Matt Gaetz seeks to oust Kevin McCarthy as House speaker
- Rep. Matt Gaetz introduced a motion to vacate against House Speaker Kevin McCarthy on Monday.
- A motion to vacate allows a single lawmaker to force chamber-wide consideration of the speakership.
Rep. Matt Gaetz of Florida on Monday introduced a motion to remove Rep. Kevin McCarthy of California as speaker of the House amid a broiling intraparty feud among congressional Republicans.
Gaetz made good on the repeated threats he and his fellow far-right colleagues have wielded against McCarthy, especially as the current speaker sought to avert a government shutdown over the weekend, eventually turning to a handful of Democratic lawmakers to help pass spending legislation that would keep the government funded.
"It is going to be difficult for my Republican friends to keep calling President Biden feeble while he continues to take Speaker McCarthy's lunch money," Gaetz said on Monday.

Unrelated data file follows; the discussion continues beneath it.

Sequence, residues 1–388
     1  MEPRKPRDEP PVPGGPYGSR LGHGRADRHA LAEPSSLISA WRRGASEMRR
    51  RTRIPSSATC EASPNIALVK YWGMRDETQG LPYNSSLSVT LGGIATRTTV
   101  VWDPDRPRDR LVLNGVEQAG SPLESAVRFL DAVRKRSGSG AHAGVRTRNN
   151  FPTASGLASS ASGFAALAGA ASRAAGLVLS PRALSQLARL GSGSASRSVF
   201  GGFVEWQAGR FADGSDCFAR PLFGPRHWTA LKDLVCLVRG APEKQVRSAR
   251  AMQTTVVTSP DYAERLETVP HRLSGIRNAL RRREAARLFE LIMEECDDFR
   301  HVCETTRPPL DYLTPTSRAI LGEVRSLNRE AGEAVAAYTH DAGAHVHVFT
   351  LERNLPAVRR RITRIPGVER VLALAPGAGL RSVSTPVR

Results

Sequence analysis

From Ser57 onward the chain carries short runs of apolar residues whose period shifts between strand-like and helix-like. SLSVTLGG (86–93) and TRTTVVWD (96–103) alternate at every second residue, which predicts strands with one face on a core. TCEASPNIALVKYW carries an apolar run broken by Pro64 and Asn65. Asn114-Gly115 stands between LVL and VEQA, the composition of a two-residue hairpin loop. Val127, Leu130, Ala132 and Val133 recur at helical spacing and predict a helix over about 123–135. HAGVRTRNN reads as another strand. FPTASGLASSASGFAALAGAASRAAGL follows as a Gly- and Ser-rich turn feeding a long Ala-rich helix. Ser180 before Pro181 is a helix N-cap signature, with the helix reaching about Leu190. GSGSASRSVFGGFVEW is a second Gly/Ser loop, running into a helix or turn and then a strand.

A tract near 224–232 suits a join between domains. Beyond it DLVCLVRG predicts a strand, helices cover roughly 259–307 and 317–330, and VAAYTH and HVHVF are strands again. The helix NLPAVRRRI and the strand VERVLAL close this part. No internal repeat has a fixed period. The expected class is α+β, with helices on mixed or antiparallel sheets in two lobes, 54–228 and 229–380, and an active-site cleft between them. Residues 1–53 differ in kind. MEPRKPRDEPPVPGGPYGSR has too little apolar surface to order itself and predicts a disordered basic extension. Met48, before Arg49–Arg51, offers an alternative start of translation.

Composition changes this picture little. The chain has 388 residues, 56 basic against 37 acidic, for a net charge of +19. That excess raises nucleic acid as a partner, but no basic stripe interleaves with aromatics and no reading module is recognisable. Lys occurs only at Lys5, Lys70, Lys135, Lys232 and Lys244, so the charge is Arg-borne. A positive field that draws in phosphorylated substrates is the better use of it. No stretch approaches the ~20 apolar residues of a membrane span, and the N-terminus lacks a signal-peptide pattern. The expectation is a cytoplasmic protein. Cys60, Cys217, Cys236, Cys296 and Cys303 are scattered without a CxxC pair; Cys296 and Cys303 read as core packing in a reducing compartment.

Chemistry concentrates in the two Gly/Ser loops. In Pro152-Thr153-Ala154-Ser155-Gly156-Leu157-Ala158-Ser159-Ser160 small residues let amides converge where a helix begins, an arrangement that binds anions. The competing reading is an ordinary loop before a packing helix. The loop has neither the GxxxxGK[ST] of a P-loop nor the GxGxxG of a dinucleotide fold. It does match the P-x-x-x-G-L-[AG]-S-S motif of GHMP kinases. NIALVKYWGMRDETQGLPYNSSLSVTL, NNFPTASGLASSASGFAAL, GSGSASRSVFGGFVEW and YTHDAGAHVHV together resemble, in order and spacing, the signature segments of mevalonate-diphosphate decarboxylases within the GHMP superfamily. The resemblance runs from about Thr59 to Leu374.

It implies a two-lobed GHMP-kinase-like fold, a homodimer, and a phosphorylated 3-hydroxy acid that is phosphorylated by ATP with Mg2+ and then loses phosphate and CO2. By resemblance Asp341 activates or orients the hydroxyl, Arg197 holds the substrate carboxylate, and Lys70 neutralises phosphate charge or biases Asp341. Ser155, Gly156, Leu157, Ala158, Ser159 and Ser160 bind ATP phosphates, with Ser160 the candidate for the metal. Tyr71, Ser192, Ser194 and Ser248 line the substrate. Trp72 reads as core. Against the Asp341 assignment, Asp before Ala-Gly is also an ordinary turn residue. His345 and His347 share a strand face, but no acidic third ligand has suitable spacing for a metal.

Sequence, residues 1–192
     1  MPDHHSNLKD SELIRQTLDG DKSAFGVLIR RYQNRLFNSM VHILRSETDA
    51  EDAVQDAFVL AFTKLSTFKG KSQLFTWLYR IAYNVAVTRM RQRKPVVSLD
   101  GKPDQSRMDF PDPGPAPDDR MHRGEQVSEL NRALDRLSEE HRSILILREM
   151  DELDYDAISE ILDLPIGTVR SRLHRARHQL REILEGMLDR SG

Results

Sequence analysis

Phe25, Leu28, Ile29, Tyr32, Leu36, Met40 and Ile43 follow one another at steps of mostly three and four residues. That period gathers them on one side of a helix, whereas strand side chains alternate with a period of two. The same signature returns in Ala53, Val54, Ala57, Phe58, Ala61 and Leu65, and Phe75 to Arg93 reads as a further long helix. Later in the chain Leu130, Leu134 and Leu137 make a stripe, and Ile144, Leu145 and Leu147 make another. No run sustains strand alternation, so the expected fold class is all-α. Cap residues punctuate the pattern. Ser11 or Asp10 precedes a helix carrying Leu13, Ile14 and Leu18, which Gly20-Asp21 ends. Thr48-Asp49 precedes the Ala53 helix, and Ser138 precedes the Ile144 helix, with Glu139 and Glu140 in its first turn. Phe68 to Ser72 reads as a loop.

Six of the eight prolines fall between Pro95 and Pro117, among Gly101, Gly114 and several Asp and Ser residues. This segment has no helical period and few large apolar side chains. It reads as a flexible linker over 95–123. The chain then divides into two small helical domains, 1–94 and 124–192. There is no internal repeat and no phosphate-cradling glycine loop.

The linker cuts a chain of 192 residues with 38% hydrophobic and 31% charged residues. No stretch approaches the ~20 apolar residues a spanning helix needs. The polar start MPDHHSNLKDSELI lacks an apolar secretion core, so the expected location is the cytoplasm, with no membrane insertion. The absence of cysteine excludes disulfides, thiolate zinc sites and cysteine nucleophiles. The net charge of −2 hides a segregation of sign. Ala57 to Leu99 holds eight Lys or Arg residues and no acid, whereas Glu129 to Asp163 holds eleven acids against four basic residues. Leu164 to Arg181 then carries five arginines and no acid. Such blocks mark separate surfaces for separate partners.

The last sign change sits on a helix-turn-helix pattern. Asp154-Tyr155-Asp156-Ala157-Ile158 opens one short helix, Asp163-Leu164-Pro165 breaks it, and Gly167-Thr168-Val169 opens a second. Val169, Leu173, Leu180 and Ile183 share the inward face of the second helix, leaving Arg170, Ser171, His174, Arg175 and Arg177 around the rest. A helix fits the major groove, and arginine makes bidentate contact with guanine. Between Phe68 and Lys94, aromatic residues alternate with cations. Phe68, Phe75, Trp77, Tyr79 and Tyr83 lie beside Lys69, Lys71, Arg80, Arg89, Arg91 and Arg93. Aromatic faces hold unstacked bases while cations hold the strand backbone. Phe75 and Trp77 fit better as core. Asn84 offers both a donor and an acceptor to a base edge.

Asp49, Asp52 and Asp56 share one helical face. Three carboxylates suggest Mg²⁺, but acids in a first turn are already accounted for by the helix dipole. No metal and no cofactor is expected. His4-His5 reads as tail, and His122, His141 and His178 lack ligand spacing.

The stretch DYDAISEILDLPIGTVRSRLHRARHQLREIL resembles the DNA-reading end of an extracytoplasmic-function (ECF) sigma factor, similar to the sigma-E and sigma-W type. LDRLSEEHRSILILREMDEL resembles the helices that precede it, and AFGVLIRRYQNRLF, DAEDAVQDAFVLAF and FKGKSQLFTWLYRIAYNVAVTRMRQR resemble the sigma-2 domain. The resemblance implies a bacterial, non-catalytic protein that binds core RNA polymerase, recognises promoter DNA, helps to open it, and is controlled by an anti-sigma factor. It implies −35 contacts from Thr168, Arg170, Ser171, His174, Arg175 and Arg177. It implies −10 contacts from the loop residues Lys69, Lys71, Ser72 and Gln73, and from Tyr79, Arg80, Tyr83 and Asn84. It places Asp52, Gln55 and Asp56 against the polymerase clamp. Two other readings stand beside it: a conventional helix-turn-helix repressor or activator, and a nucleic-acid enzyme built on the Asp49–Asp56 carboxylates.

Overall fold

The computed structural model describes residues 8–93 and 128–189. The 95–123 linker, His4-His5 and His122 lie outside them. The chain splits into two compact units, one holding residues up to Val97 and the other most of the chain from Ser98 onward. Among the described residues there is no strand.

A motion to vacate allows a single lawmaker to force chamber-wide consideration of the speakership. Removal from the role requires a House majority. Congress hasn't moved to vote on vacating a speaker since 1910.
The feud between Gaetz and McCarthy has been building since McCarthy's election to the position in January, which took 15 painstaking votes amid heavy resistance from Gaetz and other GOP members.
One of the concessions that McCarthy made was to allow a change in House rules in which sitting members can call a snap vote for a successor.
McCarthy has two days to address the legislative body, per the rules of the challenge.
On Monday, McCarthy responded, tweeting, "Bring it on."
The speaker's fate could also be determined by Democrats, whose votes helped McCarthy pass a stop-gap spending bill to avert a government shutdown over the weekend.
According to NBC, some Democrats are looking for political concessions from McCarthy, and it's unclear whether McCarthy has already started courting Democrats for their votes.
"We have a lot of trust issues," House Minority Whip Katherine Clark said on Monday, per NBC. "Every time he has made a promise, he has immediately then rolled back and gone and catered and capitulated to an extreme agenda."
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